interesting to them. (Perhaps your experiences will give me arguments
so that I can offer it as a regular class to Utah High School students
in the future.) If someone who is already knowledgeable about Capital
wants to join the class and correct my mistakes, I would consider this
an interesting challenge. If you are thinking about it, please drop
me a note. Everyone is invited to comment on everyone else's
submissions. It would also be informative for the students to witness
a discussion among Marxists.

If you are interested, please send me a message, and tell me something
about yourself, and how or to what extent you want to participate. I
cannot guarantee that I can accommodate everybody; I have to use my
judgment what is most beneficial to the enrolled students. But since
I will teach this also next academic year, I hope that eventually
everyone can take part who expresses an interest.

Those who are interested can also watch the class discussion
on the www, go to one of the following addresses for links:


Here is some historical background about this class:

When the administration at the University of Utah solicited faculty
involvement in high technology and distance learning, I submitted a
proposal for an upper division undergraduate economics class, which
would primarily use e-mail and the www for reading Marx's Capital.
Unlike other high tech classes, I did not want to abandon the student
to a sophisticated automated learning environment, but I wanted to use
the technology for meaningful one-on-one interaction between student
and instructor. This was not exactly the direction the Administration
wanted to go, but I did get permission to teach it, and since my early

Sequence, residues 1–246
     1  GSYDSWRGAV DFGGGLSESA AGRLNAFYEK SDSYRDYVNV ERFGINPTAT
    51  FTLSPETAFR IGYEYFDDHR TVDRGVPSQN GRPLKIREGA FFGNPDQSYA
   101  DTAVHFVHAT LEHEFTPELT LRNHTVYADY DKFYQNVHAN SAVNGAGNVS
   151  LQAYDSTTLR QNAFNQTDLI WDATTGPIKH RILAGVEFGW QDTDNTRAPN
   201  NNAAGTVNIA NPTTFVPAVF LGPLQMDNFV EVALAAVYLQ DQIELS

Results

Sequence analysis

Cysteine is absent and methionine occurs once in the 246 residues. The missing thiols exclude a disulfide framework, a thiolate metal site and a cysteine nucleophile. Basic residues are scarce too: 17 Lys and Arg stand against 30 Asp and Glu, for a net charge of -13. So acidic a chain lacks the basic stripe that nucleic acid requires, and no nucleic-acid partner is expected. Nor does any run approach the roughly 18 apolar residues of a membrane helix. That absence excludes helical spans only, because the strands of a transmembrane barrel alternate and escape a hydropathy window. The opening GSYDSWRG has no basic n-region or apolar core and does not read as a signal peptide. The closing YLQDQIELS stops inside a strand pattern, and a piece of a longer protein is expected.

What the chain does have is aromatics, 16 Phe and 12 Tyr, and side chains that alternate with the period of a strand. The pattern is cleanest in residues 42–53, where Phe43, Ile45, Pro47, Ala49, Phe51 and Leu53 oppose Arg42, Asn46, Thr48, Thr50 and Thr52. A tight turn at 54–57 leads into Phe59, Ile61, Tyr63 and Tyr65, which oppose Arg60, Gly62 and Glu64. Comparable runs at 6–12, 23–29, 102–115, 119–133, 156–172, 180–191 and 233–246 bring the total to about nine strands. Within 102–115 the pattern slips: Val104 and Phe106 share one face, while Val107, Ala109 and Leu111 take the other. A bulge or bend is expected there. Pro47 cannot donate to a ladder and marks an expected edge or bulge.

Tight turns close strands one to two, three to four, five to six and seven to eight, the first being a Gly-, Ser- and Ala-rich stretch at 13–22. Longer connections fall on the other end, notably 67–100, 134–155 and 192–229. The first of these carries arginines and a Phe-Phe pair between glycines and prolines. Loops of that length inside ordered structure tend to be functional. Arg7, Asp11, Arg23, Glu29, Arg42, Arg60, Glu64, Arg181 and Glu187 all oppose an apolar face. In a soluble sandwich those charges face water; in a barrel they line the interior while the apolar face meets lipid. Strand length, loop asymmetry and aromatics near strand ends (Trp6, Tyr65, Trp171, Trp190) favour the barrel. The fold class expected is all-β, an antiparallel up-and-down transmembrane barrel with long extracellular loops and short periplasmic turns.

attempts were generally liked by the students, I am scheduled to teach
it in the upcoming Spring Quarter, and three times next year.

I had several outside observers from the marxism list in Jan-March
1995. I want to express once more my gratitude to those who participated
then. These observers limited their participation to the free
discussion on the e-mail list. Therefore the e-mail list became the
most exciting thing for the students. Some became really addicted to it.
At that time, the format was a little different; the answers to the
study Questions were not circulated on e-mail. There was some good
discussion going on, but it was only between me and the individual

I taught this class also last September-December, again in a
slightly different format. The class sessions were 3 hours instead of
one, there was no free discussion list, and there were no outside
observers. But this was the first time that all answers to the Study
Questions were circulated by email to everyone. I also graded more
severely then, there was no `Marxism premium' but the GPA was
comparable to other 500 level classes at our Department. This class
was very successful. We really got down to some very good discussions
of Capital in this class. It is easy to skirt the critical issues,
and especially in a college setting the discussion tends to skip over
the difficult points. Not so last Autumn. I had the impression that
a number of students learned a lot about Marx's Capital. My study
guide and Annotations are getting better too (although I am still far
from satisfied with them); I revise them every time I teach the class.
An old version is still on the marxism archive; I wrote Jon Beasley a
message asking him replace it by the new one, but it seems Jon is
unavailable right now (are you there, Jon?)